Sunday, February 07, 2021

Verónica (2017)


A few minutes into this film we both became aware that we might have seen it before, though we weren't entirely sure. Never a good sign! 

Teenagers with ouija boards is a very tired conceit, indeed one very likely to induce sleep. 

Paco Plaza's take on this stands out quite strongly however, for he avoids the generic high-school character tropes of Hollywood, instead situating this visitation from beyond in an unusual domestic arrangement within a working class suburb of Madrid in 1991 (the no phone zone again), laying on the social realism just enough not to distract. 

There's also a captivating, Goya-nominated performance from then newcomer Sandra Escacena, convincingly portraying a melancholic fifteen-year old, at once prematurely adult and trapped in pre-pubescence, forced to act as surrogate carer to three younger siblings, as her own widowed mother works long shifts in a local café-bar called La Cigala.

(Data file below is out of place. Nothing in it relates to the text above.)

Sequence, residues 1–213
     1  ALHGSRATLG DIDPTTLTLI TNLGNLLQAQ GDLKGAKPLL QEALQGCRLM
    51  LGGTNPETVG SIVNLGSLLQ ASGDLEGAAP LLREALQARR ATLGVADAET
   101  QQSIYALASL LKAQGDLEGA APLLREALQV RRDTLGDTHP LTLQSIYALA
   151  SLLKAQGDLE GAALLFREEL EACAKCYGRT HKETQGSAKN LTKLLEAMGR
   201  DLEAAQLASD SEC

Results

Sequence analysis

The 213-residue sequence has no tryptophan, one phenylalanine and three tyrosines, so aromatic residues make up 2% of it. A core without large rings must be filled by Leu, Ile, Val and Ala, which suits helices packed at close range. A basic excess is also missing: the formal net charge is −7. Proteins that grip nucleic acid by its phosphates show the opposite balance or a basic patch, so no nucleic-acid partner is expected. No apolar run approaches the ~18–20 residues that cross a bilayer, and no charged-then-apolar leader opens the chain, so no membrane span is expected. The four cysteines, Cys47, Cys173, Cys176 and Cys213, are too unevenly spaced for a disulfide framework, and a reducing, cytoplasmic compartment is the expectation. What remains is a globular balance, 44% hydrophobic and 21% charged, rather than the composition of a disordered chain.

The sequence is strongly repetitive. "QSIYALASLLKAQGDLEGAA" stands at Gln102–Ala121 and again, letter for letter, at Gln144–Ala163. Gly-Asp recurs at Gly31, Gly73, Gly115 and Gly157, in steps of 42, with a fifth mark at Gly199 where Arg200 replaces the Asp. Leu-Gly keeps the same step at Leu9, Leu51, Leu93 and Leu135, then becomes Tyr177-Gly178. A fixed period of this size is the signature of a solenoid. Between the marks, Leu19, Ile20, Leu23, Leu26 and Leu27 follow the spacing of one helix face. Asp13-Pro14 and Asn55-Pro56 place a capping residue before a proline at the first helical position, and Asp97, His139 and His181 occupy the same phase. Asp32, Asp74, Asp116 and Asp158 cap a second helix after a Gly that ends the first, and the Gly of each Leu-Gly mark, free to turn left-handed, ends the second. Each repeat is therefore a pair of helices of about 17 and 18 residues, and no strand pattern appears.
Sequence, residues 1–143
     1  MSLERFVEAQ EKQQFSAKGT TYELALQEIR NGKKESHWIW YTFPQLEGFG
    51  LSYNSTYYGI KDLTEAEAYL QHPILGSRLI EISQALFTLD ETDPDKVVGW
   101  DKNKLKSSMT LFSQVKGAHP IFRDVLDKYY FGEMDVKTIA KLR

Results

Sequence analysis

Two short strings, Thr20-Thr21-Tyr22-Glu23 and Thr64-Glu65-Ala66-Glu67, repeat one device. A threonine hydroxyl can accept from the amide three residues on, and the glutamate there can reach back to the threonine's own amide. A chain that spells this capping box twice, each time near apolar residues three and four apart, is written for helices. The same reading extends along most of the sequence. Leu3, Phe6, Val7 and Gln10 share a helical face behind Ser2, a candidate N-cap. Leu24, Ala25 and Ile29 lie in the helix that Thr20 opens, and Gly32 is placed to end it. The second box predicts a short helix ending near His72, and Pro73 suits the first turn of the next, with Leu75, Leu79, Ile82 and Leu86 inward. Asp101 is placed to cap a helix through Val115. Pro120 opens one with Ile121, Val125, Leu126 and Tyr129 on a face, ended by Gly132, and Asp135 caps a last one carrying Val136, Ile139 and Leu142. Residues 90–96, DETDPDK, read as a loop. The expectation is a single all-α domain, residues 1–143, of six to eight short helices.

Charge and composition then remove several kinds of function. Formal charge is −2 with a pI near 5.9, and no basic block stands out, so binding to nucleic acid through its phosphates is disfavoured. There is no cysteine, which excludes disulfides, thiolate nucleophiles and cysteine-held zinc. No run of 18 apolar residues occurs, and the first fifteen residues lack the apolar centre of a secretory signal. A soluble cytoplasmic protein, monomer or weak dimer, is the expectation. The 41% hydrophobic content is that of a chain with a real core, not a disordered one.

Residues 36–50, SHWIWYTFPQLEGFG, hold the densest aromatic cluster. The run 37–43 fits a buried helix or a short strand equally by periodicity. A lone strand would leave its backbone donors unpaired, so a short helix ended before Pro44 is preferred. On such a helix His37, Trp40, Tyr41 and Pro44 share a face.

The latter played, by Ana Torrent, is something of a cult figure in Spanish horror, and we chose Verónica as a follow up to the wonderful Cría Cuervos (1976) on the basis of her appearance here alone. 

Overall it is very nice to look at, but not especially scary. No matter how many times you show me a mochila falling on the floor, or indeed a filthy mattress, I am not going to be terrified. Blind nun? Meh. 

And it makes no difference to me at all to me that this was supposedly the first time a Spanish police inspector included direct observations of 'inexplicable' phenomena in his report. 

Not being a believer in the supernatural, I find that movies springing from this genre most appeal when they play intelligently with the form while still managing to poke around in the pile of seemingly less conscious existential anxieties. 

My understanding of the ending differs slightly from the movie's Wikipedia entry. For me this is a metaphysical twist that could have been developed or even just flagged up better: a sort of prematurely-ejaculated ghost, if you would. 

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